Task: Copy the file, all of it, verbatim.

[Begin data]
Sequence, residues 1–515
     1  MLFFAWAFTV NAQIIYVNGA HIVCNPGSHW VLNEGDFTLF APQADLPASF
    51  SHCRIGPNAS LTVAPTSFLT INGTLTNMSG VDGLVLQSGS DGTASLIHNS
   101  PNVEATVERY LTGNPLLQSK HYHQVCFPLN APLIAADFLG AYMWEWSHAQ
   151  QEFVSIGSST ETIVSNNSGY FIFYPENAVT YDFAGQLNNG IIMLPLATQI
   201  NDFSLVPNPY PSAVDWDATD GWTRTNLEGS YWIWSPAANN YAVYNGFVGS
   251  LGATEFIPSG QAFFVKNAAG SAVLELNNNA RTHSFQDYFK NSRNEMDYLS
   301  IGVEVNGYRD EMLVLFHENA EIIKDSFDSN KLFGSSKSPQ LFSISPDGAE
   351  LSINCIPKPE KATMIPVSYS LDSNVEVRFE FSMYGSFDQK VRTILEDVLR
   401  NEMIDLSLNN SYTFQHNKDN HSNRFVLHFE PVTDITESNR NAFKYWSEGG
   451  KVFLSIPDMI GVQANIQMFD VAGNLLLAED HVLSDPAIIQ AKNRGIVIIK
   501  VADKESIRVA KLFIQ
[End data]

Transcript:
Sequence, residues 1–515
     1  MLFFAWAFTV NAQIIYVNGA HIVCNPGSHW VLNEGDFTLF APQADLPASF
    51  SHCRIGPNAS LTVAPTSFLT INGTLTNMSG VDGLVLQSGS DGTASLIHNS
   101  PNVEATVERY LTGNPLLQSK HYHQVCFPLN APLIAADFLG AYMWEWSHAQ
   151  QEFVSIGSST ETIVSNNSGY FIFYPENAVT YDFAGQLNNG IIMLPLATQI
   201  NDFSLVPNPY PSAVDWDATD GWTRTNLEGS YWIWSPAANN YAVYNGFVGS
   251  LGATEFIPSG QAFFVKNAAG SAVLELNNNA RTHSFQDYFK NSRNEMDYLS
   301  IGVEVNGYRD EMLVLFHENA EIIKDSFDSN KLFGSSKSPQ LFSISPDGAE
   351  LSINCIPKPE KATMIPVSYS LDSNVEVRFE FSMYGSFDQK VRTILEDVLR
   401  NEMIDLSLNN SYTFQHNKDN HSNRFVLHFE PVTDITESNR NAFKYWSEGG
   451  KVFLSIPDMI GVQANIQMFD VAGNLLLAED HVLSDPAIIQ AKNRGIVIIK
   501  VADKESIRVA KLFIQ